This VTR has a built-in gamma correction function for VariCam playback and can convert from an AJ-HDC27 VariCam 50p recording (over 60p) source to native 720p/50 or PAL. The AJ-HD1400 easily connects with the AJ-HDX900 or AG-HVX200 DVCPRO HD P2 camcorder for digital backup recording. The AJ-HD1400 records up to 64 minutes of HD footage on a large or medium cassette tape and can play the entire family of DVCPRO format tapes—DVCPRO HD and HD-EX, DVCPRO50, DVCPRO, as well as DV and DVCAM tapes. It offers 16-bit digital audio with eight embedded channels for 5.1-channel surround sound. Other key features include three programmable function buttons, SMPTE time code generator/reader and a headphone output with volume control.

www.panasonic.com/broadcast

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Serious Magic Announces the DVCProHD Decoder for Sony Vegas and Adobe Premiere Pro Users

Serious Magic, Inc. announced today the immediate availability of its Video for Windows (VfW) decoder for the DVCProHD format. Because DVCProHD support is limited for Sony Vegas and Adobe Premiere Pro users, Serious Magic now provides a decoder that will allow these popular programs as well as other software applications (i.e. Adobe AfterEffects and Serious Magic ULTRA) that uses VfW codecs to read these files.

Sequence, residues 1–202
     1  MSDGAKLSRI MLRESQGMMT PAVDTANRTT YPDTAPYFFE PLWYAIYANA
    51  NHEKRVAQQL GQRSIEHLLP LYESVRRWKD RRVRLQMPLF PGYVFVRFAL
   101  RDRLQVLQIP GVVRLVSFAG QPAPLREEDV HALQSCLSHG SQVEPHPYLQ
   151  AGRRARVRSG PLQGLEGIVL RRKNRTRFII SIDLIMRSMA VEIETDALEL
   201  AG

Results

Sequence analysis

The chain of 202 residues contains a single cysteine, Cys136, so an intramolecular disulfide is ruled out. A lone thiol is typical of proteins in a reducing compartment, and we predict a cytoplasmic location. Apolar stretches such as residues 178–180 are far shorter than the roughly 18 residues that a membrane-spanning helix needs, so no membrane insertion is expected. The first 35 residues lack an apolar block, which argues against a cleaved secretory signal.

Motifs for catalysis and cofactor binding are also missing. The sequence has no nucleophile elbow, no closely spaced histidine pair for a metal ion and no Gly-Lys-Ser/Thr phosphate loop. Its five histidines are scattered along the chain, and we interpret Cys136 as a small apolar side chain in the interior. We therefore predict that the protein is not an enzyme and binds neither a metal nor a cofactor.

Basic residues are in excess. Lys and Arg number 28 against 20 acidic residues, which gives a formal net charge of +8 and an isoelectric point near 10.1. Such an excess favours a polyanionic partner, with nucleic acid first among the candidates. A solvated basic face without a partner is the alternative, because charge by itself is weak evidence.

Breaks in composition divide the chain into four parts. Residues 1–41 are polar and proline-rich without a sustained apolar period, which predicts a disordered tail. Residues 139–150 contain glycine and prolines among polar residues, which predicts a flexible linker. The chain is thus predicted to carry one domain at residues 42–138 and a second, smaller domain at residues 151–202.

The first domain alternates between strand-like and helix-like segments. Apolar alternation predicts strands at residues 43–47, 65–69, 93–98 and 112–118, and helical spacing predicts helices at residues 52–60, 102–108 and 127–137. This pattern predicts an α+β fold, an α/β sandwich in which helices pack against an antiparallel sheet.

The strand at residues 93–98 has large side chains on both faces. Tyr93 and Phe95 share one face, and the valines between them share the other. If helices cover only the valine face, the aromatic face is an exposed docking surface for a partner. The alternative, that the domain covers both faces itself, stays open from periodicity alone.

Using the DVCProHD Decoder, video files can be edited natively without the need for transcoding because the format uses intra-frame compression just like DV. The workflow is straightforward; users are not required to convert their video data to another codec. The decoder also is bundled with an easy-to-use software utility for quickly converting native MXF files from the Panasonic camera to standard AVI or QuickTime files. Users of Apple Final Cut Pro can transfer the QuickTime file to their Mac for quick and easy editing in a more universal format.

For more information on the decoder, visit http://www.SeriousMagic.com/DVCProDecoder.

DVCProHD Decoder is now available for download at $195.00 (MSRP) at http://www.SeriousMagic.com.

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AJA Technology Integrated Into AVID DS Nitris 8.0

AJA Video, a leading manufacturer of professional video interface and conversion products, today announced that it is supplying Avid Technology, Inc. with a customized OEM solution that enables dual-link HD-SDI connectivity in Avid DS Nitris version 8.0.

The AJA technology, which began shipping with the system in June, plays a key role in enabling full HD-RGB bandwidth capture, editing, and output with Avid's flagship editing and finishing system for real-time, multi-stream SD, HD, and 2K/4K DI work. Post production work today is requiring higher image resolutions and higher throughput. AJA's robust hardware offers dual HD-SDI connectivity supporting the high bandwidth needed to input and output material for 4:4:4 HD-RGB formats such as HDCAM SR. Selection of AJA's technology by Avid again validates that AJA engineering for its dual HDSDI hardware is considered among the best in the industry.